A new study Economist/YouGov study has provided a wider window into how America’s economic problems are affecting everyday people struggling to make ends meet amid surging prices on gas and other essential products. As you might imagine, the outlook is not pretty. The survey’s findings further exemplify why issues like the Jan. 6 hearings and abortion are not going to figure into the outcomes of the congressional elections in November, no matter how hard Democrats try to make these into winning issues.
For starters, the poll shows what Americans believe about the idea that the country is in a recession. After it was announced that the nation’s Gross Domestic Product (GDP) dropped for another quarter, the percentage of respondents who believe we are experiencing a recession rose to 61% from 57% in early July.
Also of note is what Americans believe is the best indicator of a recession. According to the survey, 51% believe the prices of goods and services are the prime indicator, while 21% chose the unemployment rates and jobs reports. Only a few respondents believed the stock market index (11%) or personal finances (5%) were the primary contributor. To put it simply, people are looking at their pocketbooks as indicators that the country is in a recession instead of GDP growth.
Inflation continues to be the dominant issue that people are concerned about. About 18% said “inflation/prices” was their “most important issue.” “Jobs and the economy “and “health care” took the second and third spots.
Even worse, 56% of Americans say that inflation has impacted their lives “a lot.” Folks with a family income of less than $50,000 indicated they have experienced the effects of inflation (61%).
But what is even more interesting – and troubling – is how inflation has affected normal aspects of people’s everyday lives. Allen Houston from YouGov wrote:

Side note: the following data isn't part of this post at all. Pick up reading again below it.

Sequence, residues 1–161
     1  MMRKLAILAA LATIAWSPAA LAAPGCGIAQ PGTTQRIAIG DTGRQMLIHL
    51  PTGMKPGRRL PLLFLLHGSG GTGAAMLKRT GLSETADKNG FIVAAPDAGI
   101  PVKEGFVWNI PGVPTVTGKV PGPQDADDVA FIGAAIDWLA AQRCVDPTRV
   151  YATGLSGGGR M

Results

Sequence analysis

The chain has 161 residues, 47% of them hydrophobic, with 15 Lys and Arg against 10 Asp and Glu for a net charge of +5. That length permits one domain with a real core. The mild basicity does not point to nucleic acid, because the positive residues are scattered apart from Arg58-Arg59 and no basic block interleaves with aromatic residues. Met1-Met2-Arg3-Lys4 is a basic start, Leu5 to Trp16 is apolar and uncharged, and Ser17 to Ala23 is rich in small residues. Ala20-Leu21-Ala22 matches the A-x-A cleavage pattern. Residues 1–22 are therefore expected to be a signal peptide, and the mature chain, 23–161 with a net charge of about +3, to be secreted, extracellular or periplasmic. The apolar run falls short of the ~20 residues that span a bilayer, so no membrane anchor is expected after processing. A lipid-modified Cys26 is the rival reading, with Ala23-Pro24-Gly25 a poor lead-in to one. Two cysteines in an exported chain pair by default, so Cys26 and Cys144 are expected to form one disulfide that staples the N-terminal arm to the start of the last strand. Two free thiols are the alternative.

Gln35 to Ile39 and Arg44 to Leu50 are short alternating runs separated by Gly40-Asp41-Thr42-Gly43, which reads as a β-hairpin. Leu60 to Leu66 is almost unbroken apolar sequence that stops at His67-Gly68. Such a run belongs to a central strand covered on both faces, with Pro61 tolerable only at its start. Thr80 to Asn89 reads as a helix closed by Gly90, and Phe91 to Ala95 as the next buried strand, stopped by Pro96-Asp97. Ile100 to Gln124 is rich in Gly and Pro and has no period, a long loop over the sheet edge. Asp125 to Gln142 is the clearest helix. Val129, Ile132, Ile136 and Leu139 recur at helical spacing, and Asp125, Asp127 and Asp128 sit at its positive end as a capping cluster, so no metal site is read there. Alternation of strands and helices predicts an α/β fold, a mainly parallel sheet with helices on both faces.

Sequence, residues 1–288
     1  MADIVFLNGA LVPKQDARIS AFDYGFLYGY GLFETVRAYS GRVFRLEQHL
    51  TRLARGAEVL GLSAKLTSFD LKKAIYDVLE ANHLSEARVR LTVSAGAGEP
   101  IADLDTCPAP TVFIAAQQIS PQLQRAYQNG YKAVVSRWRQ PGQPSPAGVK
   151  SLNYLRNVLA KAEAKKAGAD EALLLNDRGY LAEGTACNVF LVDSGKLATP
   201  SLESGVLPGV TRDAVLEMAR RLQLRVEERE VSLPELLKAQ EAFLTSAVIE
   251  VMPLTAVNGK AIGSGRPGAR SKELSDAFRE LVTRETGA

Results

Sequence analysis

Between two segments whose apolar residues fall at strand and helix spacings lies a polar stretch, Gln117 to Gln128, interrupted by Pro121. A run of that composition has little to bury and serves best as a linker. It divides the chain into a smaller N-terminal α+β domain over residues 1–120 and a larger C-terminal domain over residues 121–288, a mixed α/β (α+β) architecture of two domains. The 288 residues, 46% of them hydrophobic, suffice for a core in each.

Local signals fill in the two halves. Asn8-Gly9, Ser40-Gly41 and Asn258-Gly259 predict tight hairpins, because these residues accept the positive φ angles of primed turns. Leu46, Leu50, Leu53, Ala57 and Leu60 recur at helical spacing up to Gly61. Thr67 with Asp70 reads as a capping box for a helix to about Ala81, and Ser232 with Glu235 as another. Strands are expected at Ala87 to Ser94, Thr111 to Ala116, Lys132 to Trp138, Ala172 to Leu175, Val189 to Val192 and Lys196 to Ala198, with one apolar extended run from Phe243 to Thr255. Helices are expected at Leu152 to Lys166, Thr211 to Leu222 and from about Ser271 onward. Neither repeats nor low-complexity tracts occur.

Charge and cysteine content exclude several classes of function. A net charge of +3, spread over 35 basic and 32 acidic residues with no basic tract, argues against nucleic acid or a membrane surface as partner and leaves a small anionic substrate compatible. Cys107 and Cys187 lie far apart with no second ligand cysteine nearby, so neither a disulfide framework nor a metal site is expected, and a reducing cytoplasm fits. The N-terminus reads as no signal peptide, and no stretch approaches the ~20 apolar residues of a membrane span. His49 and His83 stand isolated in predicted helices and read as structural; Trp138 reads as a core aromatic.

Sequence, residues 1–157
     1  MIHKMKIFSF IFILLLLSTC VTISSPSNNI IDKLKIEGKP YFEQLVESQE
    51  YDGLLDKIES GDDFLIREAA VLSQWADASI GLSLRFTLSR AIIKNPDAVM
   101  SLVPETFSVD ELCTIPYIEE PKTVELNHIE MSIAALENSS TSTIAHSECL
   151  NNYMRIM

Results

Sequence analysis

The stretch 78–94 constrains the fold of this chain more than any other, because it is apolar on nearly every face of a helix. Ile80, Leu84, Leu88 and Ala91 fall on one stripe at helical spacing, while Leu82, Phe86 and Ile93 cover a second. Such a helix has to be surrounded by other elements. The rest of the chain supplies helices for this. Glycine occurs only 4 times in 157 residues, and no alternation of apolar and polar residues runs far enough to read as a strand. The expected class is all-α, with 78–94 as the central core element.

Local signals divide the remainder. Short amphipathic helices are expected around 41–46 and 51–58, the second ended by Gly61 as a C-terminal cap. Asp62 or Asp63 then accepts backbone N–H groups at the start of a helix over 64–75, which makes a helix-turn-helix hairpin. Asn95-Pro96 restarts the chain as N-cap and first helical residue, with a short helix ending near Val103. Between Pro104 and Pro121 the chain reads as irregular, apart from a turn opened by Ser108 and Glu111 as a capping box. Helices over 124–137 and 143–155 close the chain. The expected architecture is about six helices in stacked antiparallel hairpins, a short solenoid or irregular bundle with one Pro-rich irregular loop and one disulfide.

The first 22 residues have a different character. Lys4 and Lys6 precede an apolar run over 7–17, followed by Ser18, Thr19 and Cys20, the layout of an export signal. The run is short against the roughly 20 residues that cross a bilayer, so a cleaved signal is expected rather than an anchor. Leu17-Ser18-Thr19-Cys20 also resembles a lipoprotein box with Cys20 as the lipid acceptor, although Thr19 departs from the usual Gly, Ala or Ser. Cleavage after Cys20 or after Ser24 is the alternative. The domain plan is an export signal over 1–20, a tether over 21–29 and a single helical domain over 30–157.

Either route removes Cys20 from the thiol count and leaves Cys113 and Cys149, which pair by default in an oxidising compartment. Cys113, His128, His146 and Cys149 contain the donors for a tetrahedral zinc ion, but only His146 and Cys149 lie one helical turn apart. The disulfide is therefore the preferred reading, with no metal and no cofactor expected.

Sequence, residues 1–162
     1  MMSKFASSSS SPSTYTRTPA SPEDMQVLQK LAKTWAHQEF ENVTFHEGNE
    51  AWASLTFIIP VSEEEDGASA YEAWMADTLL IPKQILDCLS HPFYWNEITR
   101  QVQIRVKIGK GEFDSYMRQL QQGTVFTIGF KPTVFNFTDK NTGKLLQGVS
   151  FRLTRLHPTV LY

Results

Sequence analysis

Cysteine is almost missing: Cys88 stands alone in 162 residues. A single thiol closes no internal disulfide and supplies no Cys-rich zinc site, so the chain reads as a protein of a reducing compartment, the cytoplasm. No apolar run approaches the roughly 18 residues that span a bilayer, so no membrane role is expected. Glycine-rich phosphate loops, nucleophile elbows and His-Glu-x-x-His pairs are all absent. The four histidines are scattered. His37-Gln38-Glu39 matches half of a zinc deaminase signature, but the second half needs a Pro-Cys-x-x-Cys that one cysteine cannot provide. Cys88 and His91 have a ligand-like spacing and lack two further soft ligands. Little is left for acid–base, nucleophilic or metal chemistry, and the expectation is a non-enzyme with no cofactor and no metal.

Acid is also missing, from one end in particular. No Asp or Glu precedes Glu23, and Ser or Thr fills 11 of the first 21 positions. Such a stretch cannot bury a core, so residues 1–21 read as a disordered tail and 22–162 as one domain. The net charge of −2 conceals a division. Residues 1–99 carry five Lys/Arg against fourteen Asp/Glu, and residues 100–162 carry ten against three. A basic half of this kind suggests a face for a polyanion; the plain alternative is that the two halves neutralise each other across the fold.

In order to save money, many Americans this year have put off buying clothing or personal items (48%), going on a vacation or taking time off (46%), doing home repairs or maintenance (34%), doing car repairs or maintenance (25%) and/or receiving medical care (22%). Only one in five (22%) have not put off buying any of these things.
Majorities of Americans have had at least a “somewhat difficult” time paying for gas (65%), food (58%), and housing (53%), with nearly as many affected by car payments (47%).
Nearly half of Americans (48%) say their own family’s economic situation is worse than it was a year ago. About three in five Americans this week (61%) view the economy as “getting worse,” a viewpoint that a majority of Americans have held in recent months.
While the jobless claims numbers were promising at one time, they appear to be starting an upward trajectory. RedState’s Joe Cunningham noted that “[m]ore Americans are filing jobless claims, according to the Labor Department. Claims as of July 30 rose by 6,000 to 260,000 from the previous week’s 254,000.”
He also noted that “the number of job openings in the country fell to its lowest number since September 2021. The latest survey shows openings fell to about 10.7 million through the last day of June, a decline of 605,000 or 5.4%.”
These findings do not exactly paint a promising picture of America’s economic condition. The fact of the matter is that Americans are suffering, and it has become harder for many to make ends meet. The fact that President Joe Biden and his merry band of Democrats in Congress have come up with few solutions only makes the situation even more ominous. Even if Republicans take back control of both chambers of the legislature, it will be hard for them to address the matter with Biden in the White House.
There is the chance that the economy will eventually bounce back on its own; the government does not have full control over its fluctuations. But when the people steering the ship have no answers, it is difficult to imagine that things will get better anytime soon.